In a blog post today Microsoft says that Iranian hackers attacked a U.S. presidential campaign, current and former U.S. government officials, journalists covering global politics and prominent Iranians living outside Iran.
Four accounts were compromised as a result of these attempts; these four accounts were not associated with the U.S. presidential campaign or current and former U.S. government officials. Microsoft has notified the customers related to these investigations and threats and has worked as requested with those whose accounts were compromised to secure them.
No word yet on what time President Trump asked Iran to interfere with our elections.
Iran is in the process of banning Clash of Clans, a move that epitomizes that country’s attempts to control culture clash and behavior. According to TechCrunch, the game has been pulled from a popular third party app store in Iran called Cafe Bazaar and will soon be pulled from its other legitimate source. Here’s what’s interesting to me: Clash of Clans has only officially been available for a month in Iran, and it’s being played by two-thirds of the mobile gaming community. Iran’s religious leaders have deemed it to too addictive and promotes both violence and tribal conflict. At the same time, the game was being played on the black market before its release, where it will still be available. It will be interesting to see if there’s any kind of backlash from the country’s mobile gamers. I’m far from an expert on Iran, but it’s hard to see how the country could possibly stop the world at its borders forever. Don’t get me wrong. Clash of Clans—like Game of War and every other successful MMO—are addictive. But I’ve yet to see a successful attempt to legislate addictive behavior. Below is the SuperBowl 2015 commercial for the game that is pretty darned amusing.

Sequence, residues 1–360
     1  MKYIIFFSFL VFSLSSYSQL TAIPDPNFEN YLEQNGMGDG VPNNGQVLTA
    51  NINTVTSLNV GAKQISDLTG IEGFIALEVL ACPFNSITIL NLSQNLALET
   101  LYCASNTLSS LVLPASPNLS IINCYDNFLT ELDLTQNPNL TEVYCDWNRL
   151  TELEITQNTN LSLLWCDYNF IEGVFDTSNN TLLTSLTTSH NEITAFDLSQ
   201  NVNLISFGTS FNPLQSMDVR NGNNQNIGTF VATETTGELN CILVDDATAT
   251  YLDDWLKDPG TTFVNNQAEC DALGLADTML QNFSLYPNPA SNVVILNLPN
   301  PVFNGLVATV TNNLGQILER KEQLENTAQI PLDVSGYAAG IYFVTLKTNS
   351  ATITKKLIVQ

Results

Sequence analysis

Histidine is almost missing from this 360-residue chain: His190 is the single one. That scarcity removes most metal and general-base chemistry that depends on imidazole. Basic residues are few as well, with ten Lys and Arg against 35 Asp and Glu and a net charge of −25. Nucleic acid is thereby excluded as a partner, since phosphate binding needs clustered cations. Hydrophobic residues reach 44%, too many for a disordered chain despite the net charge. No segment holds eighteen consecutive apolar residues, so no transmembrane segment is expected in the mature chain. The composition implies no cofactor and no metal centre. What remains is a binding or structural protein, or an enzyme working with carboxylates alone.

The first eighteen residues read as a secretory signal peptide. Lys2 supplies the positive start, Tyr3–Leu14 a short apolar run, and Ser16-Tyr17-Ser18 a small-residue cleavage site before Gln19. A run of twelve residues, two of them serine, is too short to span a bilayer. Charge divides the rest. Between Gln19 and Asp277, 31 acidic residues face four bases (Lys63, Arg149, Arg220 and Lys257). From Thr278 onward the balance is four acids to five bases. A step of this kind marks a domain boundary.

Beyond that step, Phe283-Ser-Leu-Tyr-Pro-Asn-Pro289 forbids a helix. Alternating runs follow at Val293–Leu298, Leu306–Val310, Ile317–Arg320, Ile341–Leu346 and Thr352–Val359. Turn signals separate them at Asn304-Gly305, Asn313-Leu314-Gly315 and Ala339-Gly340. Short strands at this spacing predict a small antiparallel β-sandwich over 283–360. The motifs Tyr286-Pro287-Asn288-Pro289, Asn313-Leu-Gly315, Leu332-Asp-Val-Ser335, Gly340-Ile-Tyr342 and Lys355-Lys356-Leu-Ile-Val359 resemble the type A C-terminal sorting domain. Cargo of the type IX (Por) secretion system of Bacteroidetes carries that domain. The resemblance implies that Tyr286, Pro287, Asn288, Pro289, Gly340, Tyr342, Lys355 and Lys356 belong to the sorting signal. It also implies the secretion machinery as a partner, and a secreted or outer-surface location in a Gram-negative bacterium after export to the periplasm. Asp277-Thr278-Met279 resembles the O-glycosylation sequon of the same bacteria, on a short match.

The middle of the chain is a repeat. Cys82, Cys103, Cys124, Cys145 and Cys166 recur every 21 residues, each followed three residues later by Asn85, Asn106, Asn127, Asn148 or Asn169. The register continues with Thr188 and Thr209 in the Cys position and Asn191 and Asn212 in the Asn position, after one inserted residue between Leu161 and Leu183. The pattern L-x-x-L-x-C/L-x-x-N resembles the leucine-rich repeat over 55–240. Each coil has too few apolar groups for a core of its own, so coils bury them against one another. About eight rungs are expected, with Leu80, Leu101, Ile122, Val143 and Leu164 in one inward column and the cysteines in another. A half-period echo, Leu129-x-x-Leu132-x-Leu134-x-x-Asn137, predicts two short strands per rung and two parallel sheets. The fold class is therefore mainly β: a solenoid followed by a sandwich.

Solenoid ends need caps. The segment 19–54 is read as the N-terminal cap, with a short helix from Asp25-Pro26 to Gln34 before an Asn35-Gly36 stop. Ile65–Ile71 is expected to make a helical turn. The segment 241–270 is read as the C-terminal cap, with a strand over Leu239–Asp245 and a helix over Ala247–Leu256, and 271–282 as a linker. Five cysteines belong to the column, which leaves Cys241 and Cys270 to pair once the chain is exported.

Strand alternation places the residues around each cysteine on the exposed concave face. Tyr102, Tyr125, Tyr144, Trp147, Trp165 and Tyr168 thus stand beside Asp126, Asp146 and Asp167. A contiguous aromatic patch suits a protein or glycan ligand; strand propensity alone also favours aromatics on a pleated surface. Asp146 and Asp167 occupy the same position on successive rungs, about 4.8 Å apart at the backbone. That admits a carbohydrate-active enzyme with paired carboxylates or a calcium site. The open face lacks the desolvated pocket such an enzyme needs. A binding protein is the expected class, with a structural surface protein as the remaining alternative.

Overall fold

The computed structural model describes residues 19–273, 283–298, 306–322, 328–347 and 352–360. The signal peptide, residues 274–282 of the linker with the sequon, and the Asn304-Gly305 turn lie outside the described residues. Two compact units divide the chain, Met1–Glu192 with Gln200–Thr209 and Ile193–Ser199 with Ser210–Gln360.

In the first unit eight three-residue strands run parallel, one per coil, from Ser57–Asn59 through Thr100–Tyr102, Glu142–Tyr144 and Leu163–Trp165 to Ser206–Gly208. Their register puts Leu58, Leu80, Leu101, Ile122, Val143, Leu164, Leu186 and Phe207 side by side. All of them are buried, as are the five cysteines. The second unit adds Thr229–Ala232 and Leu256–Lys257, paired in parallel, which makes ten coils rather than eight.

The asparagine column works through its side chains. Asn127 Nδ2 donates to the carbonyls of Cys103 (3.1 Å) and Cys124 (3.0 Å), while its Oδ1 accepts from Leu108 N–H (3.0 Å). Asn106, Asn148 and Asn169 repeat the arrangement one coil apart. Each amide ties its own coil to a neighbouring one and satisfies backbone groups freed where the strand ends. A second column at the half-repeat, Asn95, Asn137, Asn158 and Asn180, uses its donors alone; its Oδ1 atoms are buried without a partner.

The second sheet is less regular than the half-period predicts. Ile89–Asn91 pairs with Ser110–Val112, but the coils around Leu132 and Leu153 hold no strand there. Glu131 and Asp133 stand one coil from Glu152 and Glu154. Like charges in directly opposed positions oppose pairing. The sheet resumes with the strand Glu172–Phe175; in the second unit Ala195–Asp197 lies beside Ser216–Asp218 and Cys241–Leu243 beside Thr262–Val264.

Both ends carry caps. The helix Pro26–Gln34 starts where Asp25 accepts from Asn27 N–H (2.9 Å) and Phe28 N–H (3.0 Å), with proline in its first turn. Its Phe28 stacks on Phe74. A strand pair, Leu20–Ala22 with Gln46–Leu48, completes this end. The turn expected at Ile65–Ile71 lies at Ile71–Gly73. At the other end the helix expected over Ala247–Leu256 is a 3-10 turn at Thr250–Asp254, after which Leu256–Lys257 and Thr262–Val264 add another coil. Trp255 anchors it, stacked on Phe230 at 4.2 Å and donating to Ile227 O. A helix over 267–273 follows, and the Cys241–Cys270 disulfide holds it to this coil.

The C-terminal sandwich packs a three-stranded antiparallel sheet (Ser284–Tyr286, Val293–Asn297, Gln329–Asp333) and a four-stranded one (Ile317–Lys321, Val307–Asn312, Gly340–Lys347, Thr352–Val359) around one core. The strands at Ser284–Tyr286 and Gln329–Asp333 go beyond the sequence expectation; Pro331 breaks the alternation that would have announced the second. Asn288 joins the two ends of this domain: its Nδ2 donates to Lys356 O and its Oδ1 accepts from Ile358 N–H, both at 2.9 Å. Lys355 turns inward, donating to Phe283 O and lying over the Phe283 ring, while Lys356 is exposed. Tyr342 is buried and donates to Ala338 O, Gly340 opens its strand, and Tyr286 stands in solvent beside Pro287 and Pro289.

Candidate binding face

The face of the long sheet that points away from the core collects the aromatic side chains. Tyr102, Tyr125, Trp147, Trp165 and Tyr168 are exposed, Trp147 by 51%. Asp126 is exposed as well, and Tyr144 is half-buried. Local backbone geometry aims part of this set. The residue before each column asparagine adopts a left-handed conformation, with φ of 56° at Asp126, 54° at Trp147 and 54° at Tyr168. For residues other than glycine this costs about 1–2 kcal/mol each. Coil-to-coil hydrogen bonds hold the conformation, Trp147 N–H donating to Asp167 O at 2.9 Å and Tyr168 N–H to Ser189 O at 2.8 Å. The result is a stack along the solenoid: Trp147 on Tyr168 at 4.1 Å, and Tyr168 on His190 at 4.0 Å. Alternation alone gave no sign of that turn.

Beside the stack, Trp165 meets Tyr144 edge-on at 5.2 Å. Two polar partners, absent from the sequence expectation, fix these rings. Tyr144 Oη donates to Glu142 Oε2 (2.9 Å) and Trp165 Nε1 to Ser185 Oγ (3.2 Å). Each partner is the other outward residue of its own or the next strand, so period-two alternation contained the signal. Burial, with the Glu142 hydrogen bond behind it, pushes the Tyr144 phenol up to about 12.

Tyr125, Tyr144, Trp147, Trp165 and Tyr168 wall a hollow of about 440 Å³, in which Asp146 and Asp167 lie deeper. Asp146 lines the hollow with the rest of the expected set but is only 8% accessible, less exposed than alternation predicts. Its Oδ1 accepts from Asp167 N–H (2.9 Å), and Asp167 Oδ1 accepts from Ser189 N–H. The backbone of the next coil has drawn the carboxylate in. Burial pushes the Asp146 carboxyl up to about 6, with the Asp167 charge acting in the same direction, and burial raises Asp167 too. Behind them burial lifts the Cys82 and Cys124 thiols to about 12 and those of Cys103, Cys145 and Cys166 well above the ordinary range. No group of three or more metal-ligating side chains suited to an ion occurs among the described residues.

The Iranian government has given Apple an ultimatum: register with the country’s anti-smuggling office now, or all iPhones will be banned and confiscated. The demand comes as part of Iran’s plans to create a database of every cell phone in the country under the guise of blocking smuggling.